Students Share Their Growth and Discoveries in the IEMS 402 Gateway Course

402 Engineering Management, also known as the Gateway Course, is one the first classes students take in the MEM program. This past quarter in Winter 2013 students shared with discoveries and personal growth in summaries of their experiences. A few key themes emerged in the summaries and we’ve pulled out quotes to give you a feel for all the MEM program can offer:


“This course gave me a much needed introduction to the basics of accounting. My undergraduate engineering degree in India did not consist of any finance related course. Thus, I ended up with an in-depth technical knowledge of chemical plants, but no financial knowledge of the company which runs the plant whatsoever. So, I feel that the basics of income statements, balance sheets, and cash flow in general  which were covered in this course, completed my chemical engineering degree in a way.”


“The important teamwork skills can only be attained from real practice. I treasured the class opportunities to practice such skills. We did have times when people held opposing ideas and tried to convince the other side, but we didn’t end up with quarrels. Instead we stated our points, like a debate, and then made a compromise. At first, when we were not familiar with each other, a vote was the best way to solve problems, but later on we built more connivance and things became easier. We were more ready to accept others’ objections and found the optimum solutions. Its really helpful to learn how to be a part of a team and how to build an effective team.”

Real World Experience:

“Real competition is much more complex than I [thought] before. . . . There is no sympathy here. If you make a mistake, no one will help you. Also, you cannot count on competitor’s mistakes  because they may never make any. You need to change your strategy and make yourself go ahead. If we do not chance, we will definitely lost our share. Is it the real world.”

Business Skills:

“As an engineering student, I knew little about business before. However, this class taught us so much basic but important knowledge related to finance. Also, I learned several useful business tools to analyze the problems such as SWOT and MOST. The most important part was that we learned not just by the lecture, we learned by practice. We need to analyze every period’s income statement and balance sheet to know our company’s status. This kind of learning method really impressed me a lot!”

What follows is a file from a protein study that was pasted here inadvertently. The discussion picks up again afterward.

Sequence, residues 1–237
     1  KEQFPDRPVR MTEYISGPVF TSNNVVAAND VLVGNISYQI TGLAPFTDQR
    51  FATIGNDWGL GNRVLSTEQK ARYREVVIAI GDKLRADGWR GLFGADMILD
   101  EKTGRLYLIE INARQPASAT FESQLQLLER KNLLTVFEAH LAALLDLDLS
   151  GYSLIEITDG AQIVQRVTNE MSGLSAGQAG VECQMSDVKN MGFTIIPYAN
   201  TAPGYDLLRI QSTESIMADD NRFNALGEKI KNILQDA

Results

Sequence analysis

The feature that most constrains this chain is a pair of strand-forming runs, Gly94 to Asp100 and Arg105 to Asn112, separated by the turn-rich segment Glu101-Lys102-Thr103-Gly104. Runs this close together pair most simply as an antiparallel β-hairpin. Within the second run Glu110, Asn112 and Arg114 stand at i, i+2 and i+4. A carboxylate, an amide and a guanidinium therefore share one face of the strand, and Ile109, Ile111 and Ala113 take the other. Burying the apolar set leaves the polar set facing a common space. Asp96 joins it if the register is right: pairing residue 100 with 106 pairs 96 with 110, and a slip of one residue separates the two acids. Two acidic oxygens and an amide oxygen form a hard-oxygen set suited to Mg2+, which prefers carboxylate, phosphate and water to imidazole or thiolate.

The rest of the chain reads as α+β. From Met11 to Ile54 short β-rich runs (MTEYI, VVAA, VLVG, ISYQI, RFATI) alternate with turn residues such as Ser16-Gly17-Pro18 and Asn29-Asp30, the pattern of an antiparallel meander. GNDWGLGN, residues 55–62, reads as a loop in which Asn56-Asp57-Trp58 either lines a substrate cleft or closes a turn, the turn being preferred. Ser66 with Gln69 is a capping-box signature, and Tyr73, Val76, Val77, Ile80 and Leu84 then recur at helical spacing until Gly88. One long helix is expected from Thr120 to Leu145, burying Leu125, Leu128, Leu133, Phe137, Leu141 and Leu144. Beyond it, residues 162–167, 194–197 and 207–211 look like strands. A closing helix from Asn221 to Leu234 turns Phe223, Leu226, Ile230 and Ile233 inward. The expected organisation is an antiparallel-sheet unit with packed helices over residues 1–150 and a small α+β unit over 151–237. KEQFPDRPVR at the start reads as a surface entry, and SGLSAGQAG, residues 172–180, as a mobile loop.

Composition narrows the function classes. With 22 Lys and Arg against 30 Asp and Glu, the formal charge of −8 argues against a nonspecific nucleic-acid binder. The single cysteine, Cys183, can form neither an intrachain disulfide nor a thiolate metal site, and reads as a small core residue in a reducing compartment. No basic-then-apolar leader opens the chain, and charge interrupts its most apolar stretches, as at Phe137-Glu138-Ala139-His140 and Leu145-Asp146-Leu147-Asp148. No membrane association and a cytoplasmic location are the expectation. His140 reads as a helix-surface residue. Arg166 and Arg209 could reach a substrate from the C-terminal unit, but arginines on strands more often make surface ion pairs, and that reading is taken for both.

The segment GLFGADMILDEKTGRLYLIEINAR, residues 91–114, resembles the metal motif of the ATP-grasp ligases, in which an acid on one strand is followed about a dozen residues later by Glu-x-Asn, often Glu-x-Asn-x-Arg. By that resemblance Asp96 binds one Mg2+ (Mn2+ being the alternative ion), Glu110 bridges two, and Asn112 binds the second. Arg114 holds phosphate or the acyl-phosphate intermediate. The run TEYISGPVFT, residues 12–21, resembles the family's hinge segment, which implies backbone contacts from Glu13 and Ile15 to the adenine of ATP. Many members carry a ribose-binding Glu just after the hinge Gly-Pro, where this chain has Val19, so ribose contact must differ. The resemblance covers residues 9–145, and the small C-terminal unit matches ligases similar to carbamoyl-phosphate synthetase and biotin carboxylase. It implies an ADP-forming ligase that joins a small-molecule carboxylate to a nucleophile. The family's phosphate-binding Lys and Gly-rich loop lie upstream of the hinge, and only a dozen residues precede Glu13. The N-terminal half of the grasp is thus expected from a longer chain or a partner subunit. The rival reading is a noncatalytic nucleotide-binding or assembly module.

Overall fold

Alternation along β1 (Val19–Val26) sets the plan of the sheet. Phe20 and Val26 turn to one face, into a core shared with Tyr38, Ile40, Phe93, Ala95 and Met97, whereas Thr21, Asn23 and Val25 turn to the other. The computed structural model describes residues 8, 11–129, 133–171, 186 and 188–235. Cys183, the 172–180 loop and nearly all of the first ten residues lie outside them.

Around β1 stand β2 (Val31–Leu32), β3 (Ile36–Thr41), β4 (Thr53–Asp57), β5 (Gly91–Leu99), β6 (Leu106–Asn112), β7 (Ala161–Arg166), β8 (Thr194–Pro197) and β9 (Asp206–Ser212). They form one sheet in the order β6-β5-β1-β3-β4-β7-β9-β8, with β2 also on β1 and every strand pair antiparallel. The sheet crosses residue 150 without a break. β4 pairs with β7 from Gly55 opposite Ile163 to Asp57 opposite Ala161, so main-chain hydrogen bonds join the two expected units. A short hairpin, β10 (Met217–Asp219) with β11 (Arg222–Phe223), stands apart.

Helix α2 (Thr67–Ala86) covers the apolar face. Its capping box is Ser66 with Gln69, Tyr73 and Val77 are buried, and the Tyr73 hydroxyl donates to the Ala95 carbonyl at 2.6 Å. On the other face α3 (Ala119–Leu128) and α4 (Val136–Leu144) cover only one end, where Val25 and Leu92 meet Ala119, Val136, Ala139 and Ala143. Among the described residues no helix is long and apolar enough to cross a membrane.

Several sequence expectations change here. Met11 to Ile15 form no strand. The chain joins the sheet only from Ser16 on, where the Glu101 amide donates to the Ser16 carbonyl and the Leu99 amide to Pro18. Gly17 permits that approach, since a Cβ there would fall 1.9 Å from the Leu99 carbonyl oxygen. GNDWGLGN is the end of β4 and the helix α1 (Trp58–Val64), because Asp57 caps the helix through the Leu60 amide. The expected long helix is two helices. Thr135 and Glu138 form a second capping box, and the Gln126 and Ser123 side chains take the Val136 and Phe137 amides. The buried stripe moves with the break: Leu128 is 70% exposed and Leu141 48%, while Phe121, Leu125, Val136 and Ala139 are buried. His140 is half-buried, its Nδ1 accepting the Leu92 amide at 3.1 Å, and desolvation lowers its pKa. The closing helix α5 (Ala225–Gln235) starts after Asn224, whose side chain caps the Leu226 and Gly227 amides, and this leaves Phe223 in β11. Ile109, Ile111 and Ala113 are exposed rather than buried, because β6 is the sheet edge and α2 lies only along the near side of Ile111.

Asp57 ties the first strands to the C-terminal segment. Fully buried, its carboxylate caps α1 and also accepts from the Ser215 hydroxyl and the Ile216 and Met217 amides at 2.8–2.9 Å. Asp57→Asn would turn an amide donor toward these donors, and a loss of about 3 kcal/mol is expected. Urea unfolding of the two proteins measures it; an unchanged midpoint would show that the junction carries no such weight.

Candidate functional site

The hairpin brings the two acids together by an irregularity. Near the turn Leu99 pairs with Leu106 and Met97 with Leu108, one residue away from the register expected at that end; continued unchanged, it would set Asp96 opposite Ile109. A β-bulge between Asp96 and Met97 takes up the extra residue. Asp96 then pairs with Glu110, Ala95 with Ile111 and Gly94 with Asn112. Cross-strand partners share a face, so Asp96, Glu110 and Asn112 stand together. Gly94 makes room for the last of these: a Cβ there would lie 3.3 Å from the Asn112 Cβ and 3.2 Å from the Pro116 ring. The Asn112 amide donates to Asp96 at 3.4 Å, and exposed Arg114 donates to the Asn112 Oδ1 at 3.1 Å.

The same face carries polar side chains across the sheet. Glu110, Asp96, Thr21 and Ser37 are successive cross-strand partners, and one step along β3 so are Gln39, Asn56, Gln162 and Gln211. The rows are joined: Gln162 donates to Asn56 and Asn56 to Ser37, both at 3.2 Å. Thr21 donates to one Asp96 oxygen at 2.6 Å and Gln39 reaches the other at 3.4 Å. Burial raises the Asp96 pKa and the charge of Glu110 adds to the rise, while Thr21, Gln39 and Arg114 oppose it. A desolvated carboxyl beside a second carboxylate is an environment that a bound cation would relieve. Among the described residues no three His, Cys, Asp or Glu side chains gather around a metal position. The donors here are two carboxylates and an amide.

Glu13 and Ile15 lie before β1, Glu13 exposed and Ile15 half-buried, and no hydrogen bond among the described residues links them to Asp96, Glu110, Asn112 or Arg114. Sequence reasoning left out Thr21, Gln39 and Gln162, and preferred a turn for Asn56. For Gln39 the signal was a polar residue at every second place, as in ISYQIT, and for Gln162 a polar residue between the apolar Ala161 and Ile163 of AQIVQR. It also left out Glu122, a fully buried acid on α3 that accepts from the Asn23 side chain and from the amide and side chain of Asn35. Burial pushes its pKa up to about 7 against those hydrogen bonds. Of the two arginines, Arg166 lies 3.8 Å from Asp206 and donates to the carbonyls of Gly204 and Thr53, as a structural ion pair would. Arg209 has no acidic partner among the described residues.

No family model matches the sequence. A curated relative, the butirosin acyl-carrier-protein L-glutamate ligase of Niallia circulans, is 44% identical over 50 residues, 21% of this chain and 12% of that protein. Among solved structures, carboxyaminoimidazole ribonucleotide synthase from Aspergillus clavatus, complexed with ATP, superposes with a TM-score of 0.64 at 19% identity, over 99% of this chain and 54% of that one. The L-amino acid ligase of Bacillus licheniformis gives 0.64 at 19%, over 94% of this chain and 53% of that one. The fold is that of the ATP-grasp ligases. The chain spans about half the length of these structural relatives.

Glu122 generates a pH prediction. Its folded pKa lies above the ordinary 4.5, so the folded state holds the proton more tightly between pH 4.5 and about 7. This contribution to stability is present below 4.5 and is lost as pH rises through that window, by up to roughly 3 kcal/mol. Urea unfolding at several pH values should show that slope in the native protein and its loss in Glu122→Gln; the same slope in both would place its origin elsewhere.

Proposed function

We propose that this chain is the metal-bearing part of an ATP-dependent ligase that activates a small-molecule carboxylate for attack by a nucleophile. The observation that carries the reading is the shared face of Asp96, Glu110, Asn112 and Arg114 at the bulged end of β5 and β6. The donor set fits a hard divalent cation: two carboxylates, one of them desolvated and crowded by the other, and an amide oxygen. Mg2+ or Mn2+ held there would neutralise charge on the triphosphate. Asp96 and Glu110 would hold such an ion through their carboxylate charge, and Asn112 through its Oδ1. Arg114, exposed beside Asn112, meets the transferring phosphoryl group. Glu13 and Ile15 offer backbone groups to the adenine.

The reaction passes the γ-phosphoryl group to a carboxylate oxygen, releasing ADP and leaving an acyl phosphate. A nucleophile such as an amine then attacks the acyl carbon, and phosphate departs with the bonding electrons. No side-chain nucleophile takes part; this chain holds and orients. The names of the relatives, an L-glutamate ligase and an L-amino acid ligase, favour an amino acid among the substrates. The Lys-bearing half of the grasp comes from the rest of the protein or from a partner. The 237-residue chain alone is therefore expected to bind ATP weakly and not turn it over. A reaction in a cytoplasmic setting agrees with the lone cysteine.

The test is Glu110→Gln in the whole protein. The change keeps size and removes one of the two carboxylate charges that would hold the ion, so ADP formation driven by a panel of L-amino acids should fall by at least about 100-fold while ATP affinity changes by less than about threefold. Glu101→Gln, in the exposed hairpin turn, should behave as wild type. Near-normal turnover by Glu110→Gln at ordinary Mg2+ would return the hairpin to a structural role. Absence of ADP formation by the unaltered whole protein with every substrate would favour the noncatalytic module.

Be Brave!:

“Our firm did not do very well because we lost the chance to develop new cars. All the team members were conservative, including me. We should be braver and launch new cars or go into new markets”

Measuring Success:

“I learned there is more than one way to measure the success of a company. It is not possible for every company to make the most profit, but that doesn’t mean said company is doing bad. There are several metrics to evaluating a company’s worth based on the physical state of the company. Metrics like the return on assets, measure how much money a company is able to make off of the money they currently have invested in the business, while metrics like return on equity, shows how much money your company can generate based on the amount of shareholder money placed into your company. These types of metrics allow smaller businesses to succeed in a competitive market.”

Effective Presentations:

“In my case, this is the first time ever that I have been given any sort of real-time feedback for my presentation. This method really helped me appreciate my strengths and pin down my drawbacks while they were still fresh on my mind. One major area of improvement which was brought to light in my case was that I tend to rush through my presentation  This simple suggestion helped me consciously monitor my tempo while presenting for other courses, thus improving my confidence.”

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